And as the son of a pastor who has lived in quite a few different places from Louisiana to Minnesota, Kentucky is my home now. It's a place that I've come to appreciate over the years. It once was the first frontier, known for an expansiveness of thought, the belief that over mountains and in fog-shrouded valleys on the Cumberland plateau, there was a new beginning. Descending the gap and buoyed on the Ohio, these visionaries and technologists built kilns and furnaces, they stacked trees, one over the other, to build walls to keep the cold at bay. The wrote letters to the public in Boston and Philadelphia.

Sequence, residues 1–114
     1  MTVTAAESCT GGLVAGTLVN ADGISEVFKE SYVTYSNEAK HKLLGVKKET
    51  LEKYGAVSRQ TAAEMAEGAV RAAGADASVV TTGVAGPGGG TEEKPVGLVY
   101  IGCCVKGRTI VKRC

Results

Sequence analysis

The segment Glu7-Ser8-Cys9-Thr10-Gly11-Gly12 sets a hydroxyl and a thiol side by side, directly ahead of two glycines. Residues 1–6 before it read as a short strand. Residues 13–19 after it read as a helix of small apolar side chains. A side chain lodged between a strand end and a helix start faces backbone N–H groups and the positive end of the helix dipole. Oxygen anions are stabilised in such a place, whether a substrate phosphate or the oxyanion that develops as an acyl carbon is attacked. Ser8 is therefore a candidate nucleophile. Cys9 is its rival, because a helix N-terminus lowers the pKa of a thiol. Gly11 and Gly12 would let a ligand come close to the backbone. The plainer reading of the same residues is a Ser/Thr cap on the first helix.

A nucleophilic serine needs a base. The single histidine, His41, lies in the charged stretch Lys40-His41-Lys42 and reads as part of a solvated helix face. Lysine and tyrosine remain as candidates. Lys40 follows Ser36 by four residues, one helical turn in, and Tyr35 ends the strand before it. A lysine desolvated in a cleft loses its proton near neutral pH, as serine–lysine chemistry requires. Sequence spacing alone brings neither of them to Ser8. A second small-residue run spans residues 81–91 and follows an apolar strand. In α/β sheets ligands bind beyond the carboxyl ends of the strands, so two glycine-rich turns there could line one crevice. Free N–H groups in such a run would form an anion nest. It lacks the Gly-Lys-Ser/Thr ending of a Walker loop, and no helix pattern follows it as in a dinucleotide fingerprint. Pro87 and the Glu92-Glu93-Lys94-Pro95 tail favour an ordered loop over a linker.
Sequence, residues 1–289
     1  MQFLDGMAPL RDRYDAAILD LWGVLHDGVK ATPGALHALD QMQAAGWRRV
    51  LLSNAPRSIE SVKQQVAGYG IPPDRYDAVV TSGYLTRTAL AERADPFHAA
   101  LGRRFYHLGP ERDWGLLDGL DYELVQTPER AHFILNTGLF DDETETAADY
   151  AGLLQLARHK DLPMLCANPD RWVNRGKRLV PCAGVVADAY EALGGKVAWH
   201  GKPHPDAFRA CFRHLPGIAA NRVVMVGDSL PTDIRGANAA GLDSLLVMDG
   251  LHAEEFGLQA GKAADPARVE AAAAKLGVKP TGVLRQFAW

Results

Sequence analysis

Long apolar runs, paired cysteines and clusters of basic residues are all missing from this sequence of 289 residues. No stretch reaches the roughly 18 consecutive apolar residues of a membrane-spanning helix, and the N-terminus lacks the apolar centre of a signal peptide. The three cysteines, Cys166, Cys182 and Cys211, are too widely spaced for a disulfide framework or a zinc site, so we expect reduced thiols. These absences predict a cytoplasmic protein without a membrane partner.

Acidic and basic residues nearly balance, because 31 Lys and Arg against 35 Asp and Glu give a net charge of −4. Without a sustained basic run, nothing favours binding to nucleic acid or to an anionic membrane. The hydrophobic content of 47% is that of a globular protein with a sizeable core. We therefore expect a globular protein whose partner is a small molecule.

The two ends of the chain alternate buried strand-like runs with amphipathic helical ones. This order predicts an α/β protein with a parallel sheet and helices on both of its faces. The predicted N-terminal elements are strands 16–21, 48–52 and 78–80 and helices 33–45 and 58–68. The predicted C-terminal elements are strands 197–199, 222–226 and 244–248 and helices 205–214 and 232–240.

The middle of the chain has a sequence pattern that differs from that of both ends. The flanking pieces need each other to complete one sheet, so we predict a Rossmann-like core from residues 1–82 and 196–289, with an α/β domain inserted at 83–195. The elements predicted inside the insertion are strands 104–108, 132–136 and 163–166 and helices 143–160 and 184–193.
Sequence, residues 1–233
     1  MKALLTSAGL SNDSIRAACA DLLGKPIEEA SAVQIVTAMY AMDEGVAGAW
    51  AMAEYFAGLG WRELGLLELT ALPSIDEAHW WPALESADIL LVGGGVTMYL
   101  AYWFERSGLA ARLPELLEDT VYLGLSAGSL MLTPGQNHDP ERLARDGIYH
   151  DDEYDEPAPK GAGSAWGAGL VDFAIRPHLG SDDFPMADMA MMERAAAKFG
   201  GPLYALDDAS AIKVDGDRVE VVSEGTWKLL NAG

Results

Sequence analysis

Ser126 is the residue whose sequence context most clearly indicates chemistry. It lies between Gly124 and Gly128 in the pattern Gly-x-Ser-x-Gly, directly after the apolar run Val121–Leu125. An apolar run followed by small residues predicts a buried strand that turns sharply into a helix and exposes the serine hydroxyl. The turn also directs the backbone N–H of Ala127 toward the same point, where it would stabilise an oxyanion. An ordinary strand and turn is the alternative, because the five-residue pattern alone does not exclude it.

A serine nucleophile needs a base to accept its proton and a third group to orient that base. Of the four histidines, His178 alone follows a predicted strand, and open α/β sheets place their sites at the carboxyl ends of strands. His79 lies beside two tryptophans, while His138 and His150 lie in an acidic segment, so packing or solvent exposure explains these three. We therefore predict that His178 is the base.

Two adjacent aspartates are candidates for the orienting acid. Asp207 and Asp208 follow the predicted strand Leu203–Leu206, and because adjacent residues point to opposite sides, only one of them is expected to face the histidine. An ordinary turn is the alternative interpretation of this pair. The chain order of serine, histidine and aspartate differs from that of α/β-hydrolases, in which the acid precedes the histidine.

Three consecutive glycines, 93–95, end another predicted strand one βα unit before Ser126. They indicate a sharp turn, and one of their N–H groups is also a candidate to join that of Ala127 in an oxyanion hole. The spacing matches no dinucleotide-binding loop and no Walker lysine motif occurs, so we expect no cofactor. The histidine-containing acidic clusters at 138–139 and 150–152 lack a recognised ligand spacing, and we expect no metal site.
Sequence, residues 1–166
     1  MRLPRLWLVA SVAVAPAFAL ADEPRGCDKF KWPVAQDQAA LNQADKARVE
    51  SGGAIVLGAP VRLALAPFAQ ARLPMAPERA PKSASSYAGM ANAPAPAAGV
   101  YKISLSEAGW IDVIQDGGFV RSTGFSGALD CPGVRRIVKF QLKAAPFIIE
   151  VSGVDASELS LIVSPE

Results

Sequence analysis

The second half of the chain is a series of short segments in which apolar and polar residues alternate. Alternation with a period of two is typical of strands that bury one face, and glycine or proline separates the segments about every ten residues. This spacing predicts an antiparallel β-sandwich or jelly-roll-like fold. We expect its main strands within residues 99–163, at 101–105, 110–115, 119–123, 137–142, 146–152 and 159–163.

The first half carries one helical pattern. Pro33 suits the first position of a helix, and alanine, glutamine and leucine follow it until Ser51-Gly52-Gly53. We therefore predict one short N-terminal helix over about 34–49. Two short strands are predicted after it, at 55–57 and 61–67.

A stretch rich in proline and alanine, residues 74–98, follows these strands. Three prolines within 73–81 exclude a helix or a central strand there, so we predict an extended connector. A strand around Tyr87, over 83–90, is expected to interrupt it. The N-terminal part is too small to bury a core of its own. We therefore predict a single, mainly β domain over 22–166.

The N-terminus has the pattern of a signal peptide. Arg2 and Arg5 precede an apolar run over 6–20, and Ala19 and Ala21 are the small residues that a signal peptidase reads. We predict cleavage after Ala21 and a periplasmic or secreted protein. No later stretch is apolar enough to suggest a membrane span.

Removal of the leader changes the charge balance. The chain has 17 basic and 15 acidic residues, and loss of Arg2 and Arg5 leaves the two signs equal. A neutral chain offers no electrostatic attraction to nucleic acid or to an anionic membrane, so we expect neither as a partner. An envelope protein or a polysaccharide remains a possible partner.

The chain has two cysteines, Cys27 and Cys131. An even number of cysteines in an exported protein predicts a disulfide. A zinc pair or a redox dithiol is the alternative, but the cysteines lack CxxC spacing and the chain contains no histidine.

Today, I often wonder whether its descendants know that engineers are inspired by birds to design flocks of machines, or really believe that the next step will not be the last - never mind whether that belief calls on the extra-natural or not - or that our self-aware biology is still one gaping, breath-taking mystery to philosophers and biologists alike, or that 500 other worlds and counting orbit stars far distant the yellow dwarf we know so well. Do they know that golden ages lie ahead? Do they know that doughty robots have sighted fountains near Saturn, or that oceans may spread across the deep below Enceladus or Europa, and that life clings to sulfur vents in the crushing depths of our own oceans, or that lately, some think that life may loiter in the thick orange atmosphere of Titan?